“That would create a court that would most likely be considered international according to international law, such that Russian leaders, including Putin, would not be subject to personal immunities,” Kmiotek said.
“This would be focused on the immunities of individual representatives of Russia rather than Russia as a state,” she added.
Supporters of this method say it gets around pitfalls with the International Criminal Court (ICC) that hamper Ukraine from going after Putin and other Russian leaders for the crime of aggression.
While the ICC has a mandate to investigate the crime of aggression, it does not hold jurisdiction with respect to Russia and Ukraine — both states are not party to the courts founding document, the Rome Statute, nor the Kampala Amendments that established the ICC’s jurisdiction for the crime of aggression.
The ICC is already investigating alleged war crimes committed on Ukrainian territory, as Kyiv has accepted the court’s jurisdiction in this respect.
And while the United Nations Security Council could vote to task the ICC with investigating the crime of aggression, Russia would block such an effort with its veto.
“There’s a quirk, and that is that the ICC simply cannot exercise jurisdiction over the crime of aggression with respect to the Russian invasion of Ukraine,” David Scheffer, a senior fellow at the Council on Foreign Relations and who led the U.S. delegation to the U.N. talks that established the ICC, said during the United States Institute of Peace event earlier this month.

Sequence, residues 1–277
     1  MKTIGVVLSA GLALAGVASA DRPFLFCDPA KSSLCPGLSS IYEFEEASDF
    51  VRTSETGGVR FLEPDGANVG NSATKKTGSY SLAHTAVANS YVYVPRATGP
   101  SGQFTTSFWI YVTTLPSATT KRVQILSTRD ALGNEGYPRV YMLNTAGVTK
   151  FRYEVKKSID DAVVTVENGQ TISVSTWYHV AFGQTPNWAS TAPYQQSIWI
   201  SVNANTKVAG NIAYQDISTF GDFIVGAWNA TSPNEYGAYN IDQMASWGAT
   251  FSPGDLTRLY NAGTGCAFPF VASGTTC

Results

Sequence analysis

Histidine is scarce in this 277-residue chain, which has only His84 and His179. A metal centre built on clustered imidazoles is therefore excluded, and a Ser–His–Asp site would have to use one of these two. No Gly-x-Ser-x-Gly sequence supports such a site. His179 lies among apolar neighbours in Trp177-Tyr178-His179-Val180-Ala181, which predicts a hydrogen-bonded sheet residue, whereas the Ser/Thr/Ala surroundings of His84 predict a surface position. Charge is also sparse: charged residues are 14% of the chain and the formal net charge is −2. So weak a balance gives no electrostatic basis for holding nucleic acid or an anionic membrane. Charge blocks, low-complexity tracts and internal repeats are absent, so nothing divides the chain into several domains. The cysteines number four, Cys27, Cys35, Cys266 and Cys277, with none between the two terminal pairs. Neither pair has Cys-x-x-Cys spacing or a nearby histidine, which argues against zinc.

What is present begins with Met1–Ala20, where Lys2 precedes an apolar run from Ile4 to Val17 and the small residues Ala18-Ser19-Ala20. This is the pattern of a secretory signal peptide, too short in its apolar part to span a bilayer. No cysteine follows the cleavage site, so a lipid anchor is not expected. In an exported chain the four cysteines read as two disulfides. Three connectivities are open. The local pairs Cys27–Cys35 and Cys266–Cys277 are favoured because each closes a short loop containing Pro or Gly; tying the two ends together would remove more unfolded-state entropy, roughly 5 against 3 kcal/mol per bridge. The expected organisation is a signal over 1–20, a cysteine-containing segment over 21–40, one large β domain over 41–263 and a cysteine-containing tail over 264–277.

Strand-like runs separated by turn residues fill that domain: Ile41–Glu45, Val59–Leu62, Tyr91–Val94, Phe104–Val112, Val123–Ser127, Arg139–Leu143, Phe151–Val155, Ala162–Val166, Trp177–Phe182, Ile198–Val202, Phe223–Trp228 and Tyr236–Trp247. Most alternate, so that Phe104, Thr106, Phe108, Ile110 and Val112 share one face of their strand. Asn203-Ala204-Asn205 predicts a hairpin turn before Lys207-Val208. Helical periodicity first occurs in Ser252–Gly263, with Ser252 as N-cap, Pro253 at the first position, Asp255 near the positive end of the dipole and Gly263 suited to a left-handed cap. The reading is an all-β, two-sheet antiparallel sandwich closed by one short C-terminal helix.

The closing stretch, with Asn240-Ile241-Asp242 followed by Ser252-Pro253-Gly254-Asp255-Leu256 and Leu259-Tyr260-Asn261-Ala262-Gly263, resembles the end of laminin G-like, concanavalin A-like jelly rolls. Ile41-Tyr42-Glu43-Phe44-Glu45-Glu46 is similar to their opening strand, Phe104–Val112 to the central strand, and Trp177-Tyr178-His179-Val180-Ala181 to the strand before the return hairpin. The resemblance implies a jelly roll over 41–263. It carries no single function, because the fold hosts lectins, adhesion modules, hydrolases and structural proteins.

But ICC prosecutor Karim Khan is arguing against a special tribunal, saying the court has the ability to go after high-ranking Russian officials if the focus remains on war crimes and genocide.
It’s unclear where the U.S. falls on such a debate.
A State Department spokesperson told The Hill that the administration is reviewing proposals for a special tribunal dedicated to the crime of aggression, seeking to “remain in lockstep with Kyiv’s strongest partners as we consider Ukraine’s proposal … as well as all other options for holding Russia and its leaders to account.”
The U.S. is helping Ukrainian prosecutors investigate war crimes allegations on its territory — an estimated 50,000, according to the prosecutor’s office.
Focusing on those crimes could lead to holding Putin responsible, or other top officials, Beth Van Schaack, ambassador-at-large for Global Criminal Justice, told reporters in a briefing last month.
“In terms of Putin, we know that there are doctrines that enable criminal responsibility to go all the way up the chain of command. This is the doctrine of superior responsibility,” she said. “I think it’s particularly relevant when we look at the kinds of patterns that we’re seeing of abuses across all areas where Russia’s forces are deployed. These are not the acts of individual units, necessarily.”
Korynevych said he heard concern from lawmakers in Washington, Paris and Berlin that Ukraine’s push for a special tribunal should not undermine the work of the ICC.
“We are very clear and frank that we do support the ICC. Our idea to establish a Special Tribunal for crime of aggression is not to impede, is not to hamper, is not to interfere with the ICC, it’s just to complement the International Criminal Court with a mechanism which would work with only one crime, crime of aggression against Ukraine,” he said.
“And in our particular case, in case of aggression against Ukraine, ad hoc tribunal, and it surely should be, not a large number of suspects in such a tribunal.”